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Anti-Graft Legislation Stalled by Afghanistan’s 'Economic Mafia’

Ten years after Afghanistan first considered adopting a money laundering law, shadowy figures within Kabul's political elite are still maneuvering behind the scenes to block it.

Members of the National Economic Commission of the Afghan parliament’s lower house, or Wolesi Jirga, said that the legislation is being resisted despite clear evidence that the lack of regulation is exposing Afghanistan's fragile economy to great danger.

"The problem is within the executive powers. The economic mafia inside the government is responsible [for blocking the legislation]," Qudratullah Zaki, a lawmaker on the commission, told RFE/RL’s Radio Free Afghanistan (RFA). "Some cabinet members -- some of those involved in such illegal practices -- intervened and delayed the approval of the legislation by using their authority and also through giving bribes to certain circles."

Officials at Da Afghanistan Bank, Afghanistan’s central bank, said that they first proposed legislation in 2004 to prevent dirty money, mostly earned through illegal trades and crimes, from entering the mainstream economy.

Noorullah Delawari, the bank’s governor, told RFA that international financial institutions and some foreign governments are pressing Kabul to enact the law so they can continue working with the country's financial institutions. He said his country needs to adopt the legislation by the end of this month.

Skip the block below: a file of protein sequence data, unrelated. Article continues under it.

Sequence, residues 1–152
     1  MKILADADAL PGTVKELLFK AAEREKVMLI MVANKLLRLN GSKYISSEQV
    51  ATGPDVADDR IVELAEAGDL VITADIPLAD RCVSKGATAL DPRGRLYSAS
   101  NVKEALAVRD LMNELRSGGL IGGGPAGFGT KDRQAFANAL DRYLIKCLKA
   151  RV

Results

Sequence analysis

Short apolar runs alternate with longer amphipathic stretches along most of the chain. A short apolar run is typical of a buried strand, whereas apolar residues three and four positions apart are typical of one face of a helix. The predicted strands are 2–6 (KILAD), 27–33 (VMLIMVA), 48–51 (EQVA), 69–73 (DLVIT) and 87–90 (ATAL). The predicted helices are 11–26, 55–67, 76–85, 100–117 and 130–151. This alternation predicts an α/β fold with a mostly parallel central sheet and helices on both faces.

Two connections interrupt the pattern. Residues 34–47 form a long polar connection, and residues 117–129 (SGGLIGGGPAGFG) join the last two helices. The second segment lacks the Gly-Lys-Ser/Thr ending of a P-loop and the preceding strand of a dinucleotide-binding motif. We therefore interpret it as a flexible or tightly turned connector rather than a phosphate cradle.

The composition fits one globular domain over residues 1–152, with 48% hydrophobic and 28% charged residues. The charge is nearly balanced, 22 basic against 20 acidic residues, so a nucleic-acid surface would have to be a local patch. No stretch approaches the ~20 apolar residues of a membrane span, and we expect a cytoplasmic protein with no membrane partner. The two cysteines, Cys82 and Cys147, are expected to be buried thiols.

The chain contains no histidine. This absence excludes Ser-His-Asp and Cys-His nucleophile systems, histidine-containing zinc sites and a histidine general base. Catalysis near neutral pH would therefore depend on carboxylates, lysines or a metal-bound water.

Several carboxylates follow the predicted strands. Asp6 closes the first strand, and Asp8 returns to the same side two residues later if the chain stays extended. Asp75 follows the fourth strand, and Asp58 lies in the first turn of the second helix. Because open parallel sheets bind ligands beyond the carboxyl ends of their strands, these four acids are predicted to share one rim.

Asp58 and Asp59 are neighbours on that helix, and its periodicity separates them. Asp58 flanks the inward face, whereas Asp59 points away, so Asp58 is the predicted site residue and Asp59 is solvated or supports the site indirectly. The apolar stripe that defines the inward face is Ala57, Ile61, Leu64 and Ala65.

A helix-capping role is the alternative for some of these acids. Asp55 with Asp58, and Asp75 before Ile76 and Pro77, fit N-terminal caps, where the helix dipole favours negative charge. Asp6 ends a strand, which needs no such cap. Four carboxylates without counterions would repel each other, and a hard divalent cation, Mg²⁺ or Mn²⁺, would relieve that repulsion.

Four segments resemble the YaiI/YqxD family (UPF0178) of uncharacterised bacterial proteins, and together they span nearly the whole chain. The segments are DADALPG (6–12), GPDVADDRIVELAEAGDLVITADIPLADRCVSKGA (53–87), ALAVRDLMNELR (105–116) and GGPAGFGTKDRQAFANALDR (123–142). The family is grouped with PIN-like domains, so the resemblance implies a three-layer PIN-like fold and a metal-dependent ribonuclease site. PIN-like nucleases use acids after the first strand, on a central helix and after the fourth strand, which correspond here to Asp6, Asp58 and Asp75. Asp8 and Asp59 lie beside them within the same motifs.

The delay in adopting the law has already produced serious institutional threats.

In late May the Financial Action Task Force (FATF), an international body that monitors countries’ response to money laundering, told Afghanistan that its banks will be put on an international blacklist if it fails to pass the money laundering law immediately.

FATF is expected to decide at a meeting on June 22 whether to enact the ban. Several banks in Germany, China, and India have already halted dollar transactions with some Afghan commercial banks.

London-based Afghan economist Sarajuddin Isar said that the central bank officials themselves have neglected this issue for a long time, contributing to inaction on the law.

"I think that some individuals both in the legislative and executive branches of the government see this money laundering law as a threat to their personal benefits," he told RFA. "So, they tried from all sides to prevent the proposed legislation from becoming law."

Saifuddin Saihon, a professor of economics at Kabul University, said mainstreaming illegal money earned from drug trafficking, bribes, and embezzlement has never been difficult in Afghanistan.

He said that nongovernmental organizations involved in reconstruction projects are typically used in such deals.

"Setting up deposit accounts to buy property and obtaining contracts and other construction activities through nongovernmental organizations are all considered as ways to launder illegal money," he said. "Unfortunately, the process is very widespread in Afghanistan, and the fight against money laundering is also extremely complicated. There is no knowledge and expertise, and there is no political will to tackle this problem."

Saihon is adamant that the Afghan parliament adopt the pending legislation before the country is blacklisted.

Such a sanction, he says, would be devastating for Afghanistan's fragile economy. "The already prevalent illegal economy will prosper, but foreign investments in Afghanistan will deteriorate rapidly," he warned.